I’ll close with a note of gratitude to the generosity of the running community. A group of friends had also run the marathon that day, including Spencer McElwain (3rd with a 2:30) and Adam Goode (19th with a 2:41). They stuck around for an extra hour and a half , joining others who had come down from Maine to spectate, and they all cheered me across the finish. The generous heart of runners never fails to move me–that some of the fastest people in the field can celebrate the accomplishments of runners of all ages, sizes, and abilities. It’s a beautiful thing.
Knowing that my friends had been freezing for 4 hours, I didn’t bother to check the results before heading out for lunch. When I looked that night, I noticed a BQ next to my name! I hadn’t put it together that I’d be qualifying for my next age group, in 2020. The Boston Qualifying times were all reduced by 5 minutes this year, so I hadn’t even considered that I might make the cut. At first, it looked like I was the last BQ in the entire race, but as it turns out there were some recording adjustments made later in the night and there were a good number after me. Looks like I have a few more marathons in my future! I look forward to trying another 26.2, cranking it up just a notch or two, and trying to remember everything I learned at Baystate.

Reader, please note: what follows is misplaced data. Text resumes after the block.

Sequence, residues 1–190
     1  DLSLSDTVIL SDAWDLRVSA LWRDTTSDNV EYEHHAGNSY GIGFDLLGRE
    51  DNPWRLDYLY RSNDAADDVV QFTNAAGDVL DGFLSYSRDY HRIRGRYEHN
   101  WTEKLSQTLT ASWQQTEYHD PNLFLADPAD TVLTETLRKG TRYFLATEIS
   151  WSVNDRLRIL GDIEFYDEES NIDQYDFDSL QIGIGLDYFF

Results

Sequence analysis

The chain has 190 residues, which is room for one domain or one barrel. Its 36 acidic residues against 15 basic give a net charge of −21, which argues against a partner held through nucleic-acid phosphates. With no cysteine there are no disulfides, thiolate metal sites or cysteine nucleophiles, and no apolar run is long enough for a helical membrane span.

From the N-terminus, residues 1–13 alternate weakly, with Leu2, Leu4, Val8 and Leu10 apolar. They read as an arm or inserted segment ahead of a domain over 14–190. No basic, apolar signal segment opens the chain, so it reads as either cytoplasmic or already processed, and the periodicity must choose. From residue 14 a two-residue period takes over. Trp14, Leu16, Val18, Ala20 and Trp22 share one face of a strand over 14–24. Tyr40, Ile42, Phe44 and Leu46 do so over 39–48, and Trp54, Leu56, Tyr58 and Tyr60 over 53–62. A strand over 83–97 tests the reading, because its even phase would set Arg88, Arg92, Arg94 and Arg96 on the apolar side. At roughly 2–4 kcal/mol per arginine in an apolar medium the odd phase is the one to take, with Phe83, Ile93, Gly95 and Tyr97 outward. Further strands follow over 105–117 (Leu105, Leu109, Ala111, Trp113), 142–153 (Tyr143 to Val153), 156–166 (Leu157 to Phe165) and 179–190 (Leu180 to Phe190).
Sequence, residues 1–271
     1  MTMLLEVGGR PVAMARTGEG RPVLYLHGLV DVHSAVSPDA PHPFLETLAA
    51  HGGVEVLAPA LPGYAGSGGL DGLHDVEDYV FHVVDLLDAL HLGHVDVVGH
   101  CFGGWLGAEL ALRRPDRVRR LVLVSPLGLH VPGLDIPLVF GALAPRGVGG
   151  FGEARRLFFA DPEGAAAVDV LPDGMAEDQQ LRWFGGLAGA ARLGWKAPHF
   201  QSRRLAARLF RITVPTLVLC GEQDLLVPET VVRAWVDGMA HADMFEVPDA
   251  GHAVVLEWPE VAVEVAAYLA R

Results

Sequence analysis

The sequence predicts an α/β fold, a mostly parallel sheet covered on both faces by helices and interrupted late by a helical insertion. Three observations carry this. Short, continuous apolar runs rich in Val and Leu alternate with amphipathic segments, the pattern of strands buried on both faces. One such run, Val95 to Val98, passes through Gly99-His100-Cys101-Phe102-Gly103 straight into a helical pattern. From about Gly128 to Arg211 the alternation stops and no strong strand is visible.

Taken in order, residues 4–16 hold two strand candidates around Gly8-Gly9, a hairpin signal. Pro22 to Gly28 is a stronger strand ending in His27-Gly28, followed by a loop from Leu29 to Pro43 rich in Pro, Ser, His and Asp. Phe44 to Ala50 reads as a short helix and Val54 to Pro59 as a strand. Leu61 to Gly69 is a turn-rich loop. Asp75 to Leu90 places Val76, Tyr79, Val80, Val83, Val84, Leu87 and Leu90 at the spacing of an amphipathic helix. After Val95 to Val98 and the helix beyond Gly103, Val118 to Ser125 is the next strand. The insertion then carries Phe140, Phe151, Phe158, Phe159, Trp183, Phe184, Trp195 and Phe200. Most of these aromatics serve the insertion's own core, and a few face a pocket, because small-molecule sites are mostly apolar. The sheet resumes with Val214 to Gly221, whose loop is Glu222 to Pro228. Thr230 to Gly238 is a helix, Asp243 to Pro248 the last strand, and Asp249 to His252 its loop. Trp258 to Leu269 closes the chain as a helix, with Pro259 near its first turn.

For four years I’ve been running with the Maine Road Hags, an all-women’s team that competes at the Cabot Trail Relay on Cape Breton Island every May. The 17 legs of the staged relay race take place over 2 days, after months of training and preparation. It’s hard to explain what makes Cabot different from other races, but in part, it’s the collective experience. A runner’s individual race begins and ends as part of a remarkably fluid stream of events. Around 1200 runners (70 teams of 17), along with a huge volunteer race crew, begin leg 1 at 7:00 a.m. on Saturday morning; the race concludes with leg 17 on Sunday. Sleep is often impossible because of the logistics of making sure every runner is where he or she needs to be in time to queue up at the start.
leg 13 start, photo: Julianne Gadoury